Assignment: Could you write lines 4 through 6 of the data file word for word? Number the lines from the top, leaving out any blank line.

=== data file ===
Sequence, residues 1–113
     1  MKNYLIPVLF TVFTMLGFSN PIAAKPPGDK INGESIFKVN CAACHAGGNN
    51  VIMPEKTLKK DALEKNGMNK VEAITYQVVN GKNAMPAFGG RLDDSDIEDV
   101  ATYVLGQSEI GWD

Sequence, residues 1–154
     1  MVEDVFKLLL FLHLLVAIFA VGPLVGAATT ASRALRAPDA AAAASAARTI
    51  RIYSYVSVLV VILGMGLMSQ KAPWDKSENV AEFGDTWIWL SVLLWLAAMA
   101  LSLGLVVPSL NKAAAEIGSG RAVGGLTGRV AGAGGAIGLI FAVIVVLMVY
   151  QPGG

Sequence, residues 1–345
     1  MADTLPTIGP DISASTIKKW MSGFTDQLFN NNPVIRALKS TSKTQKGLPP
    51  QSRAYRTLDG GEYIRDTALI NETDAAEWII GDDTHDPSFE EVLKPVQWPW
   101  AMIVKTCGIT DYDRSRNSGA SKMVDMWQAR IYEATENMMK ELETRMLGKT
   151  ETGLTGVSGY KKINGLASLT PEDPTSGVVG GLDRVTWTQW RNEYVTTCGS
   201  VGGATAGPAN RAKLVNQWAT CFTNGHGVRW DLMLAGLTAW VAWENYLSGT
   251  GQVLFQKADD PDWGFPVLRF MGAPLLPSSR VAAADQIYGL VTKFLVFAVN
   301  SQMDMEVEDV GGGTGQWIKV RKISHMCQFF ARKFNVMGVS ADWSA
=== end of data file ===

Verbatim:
   101  ATYVLGQSEI GWD

Sequence, residues 1–154
     1  MVEDVFKLLL FLHLLVAIFA VGPLVGAATT ASRALRAPDA AAAASAARTI